Insights with Andy Slavitt
In a recent interview with HealthEdge, Andy Slavitt, former Acting Administrator of the Centers for Medicare and Medicaid Services (CMS) in the Obama administration, shared unique insights about the healthcare industry. Since leaving Washington, DC earlier this year, Slavitt has been doing regular public speaking engagements, and has become a senior adviser to the Bipartisan Policy Center, where he works with former Senate Majority Leaders Tom Daschle and Dr. Bill Frist on healthcare issues.
When we sat down with Mr. Slavitt, he provided perspective on a range of issues, all of which are relevant in today’s healthcare landscape.
The Move To Value-Based Reimbursement
VBR represents a new way to pay for health services, and promotes better outcomes. The challenge is that with a very diverse healthcare system, there needs to be equally diverse methods for stakeholders to get engaged. MACRA does serve as such a catalyst, even with the modifications it has recently undergone. This movement will take time. Slavitt contends that you can push people to go 10 percent faster than they are comfortable with, but any more than that can result in failed initiatives. Ultimately VBR will be a transformational change that will forever modify how care is delivered, and it is destined to occur across all healthcare segments.
For more insights, view part one of three of Steve Krupa's conversation with Andy Slavitt.
The Special Role of Payers
Payers have a unique role in this time of uncertainty. They have the capability to help patients achieve better health outcomes, while building loyalty for the future. Payers touch and collect valuable information from all types of providers; PCP’s, specialists, hospitals, as well as pharma, labs and other ancillaries. Payers must choose whether they want to impact the patient experience, by being patient centered and community centered. Patients as consumers can get the information they need in their personal lives – now it is up to payers to allow people the opportunity to ask critical health questions, which allows the creation of a relationship centered on trust that has not traditionally been emphasized. Payers are also in position to encourage providers to choose the most comfortable settings for patients for recovery. An example are bundled payments, which make physicians more likely to send patients home for recovery, where they statistically fare better. Finally, health plans must utilize the information they accumulate for the benefit of patients. Extend the information collection to include such factors as Social Determinants of Health, and take into account the holistic ecosystem of services and support networks that assist each patient to improve outcomes.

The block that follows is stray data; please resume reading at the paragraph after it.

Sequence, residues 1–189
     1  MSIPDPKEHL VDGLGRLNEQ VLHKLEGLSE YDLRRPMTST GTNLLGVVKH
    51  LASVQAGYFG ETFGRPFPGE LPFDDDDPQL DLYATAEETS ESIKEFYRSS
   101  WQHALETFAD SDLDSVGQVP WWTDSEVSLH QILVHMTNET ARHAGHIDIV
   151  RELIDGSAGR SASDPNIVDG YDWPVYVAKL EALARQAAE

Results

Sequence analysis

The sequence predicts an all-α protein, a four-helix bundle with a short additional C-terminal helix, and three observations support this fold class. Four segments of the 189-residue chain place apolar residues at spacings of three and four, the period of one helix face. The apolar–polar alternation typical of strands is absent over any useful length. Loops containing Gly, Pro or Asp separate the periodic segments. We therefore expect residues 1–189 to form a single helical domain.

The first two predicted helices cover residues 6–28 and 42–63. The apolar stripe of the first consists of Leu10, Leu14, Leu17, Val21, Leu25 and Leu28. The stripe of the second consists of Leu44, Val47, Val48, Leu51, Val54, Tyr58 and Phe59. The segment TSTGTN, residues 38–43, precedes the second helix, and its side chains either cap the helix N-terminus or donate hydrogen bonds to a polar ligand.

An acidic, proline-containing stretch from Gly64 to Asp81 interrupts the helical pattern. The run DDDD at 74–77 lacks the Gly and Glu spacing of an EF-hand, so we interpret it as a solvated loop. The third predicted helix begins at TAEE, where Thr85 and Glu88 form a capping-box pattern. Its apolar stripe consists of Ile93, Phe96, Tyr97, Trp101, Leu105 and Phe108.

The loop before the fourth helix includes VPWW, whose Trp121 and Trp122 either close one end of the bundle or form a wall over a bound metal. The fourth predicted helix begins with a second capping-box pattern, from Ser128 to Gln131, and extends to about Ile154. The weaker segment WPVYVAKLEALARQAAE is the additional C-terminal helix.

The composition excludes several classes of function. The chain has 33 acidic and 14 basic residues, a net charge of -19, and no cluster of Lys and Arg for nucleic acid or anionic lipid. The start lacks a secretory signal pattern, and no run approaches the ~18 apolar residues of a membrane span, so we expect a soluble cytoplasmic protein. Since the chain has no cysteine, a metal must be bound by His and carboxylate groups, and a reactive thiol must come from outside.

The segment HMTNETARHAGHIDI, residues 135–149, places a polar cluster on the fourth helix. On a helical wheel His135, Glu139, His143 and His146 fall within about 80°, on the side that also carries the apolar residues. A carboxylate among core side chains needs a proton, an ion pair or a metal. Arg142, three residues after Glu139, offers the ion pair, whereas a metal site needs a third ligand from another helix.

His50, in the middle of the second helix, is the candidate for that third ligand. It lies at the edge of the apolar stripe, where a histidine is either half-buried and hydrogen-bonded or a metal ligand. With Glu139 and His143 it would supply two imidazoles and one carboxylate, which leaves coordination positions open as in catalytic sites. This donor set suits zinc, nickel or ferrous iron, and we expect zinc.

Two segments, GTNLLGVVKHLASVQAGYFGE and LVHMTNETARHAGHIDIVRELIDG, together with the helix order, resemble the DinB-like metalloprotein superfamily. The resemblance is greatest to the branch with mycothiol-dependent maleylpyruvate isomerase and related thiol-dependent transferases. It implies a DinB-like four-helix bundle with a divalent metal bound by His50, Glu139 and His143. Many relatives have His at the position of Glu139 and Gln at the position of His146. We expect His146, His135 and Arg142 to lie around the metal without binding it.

How Technology Contributes
Community, individual and business priorities must take precedence in today’s healthcare system. Technology can help show the way for health plans to navigate changing dynamics and customer requirements. Technology must be customer centric, not feature centric. In this way technology can be a decisive factor to handle change.
The best health plans are adaptable. It is critical to know your customers to the nth degree, and provide services and capabilities that meet those specific needs. Simpler is better, and take the time to pause and evaluate programs and services. Align your vision with partners and vendors that share that vision.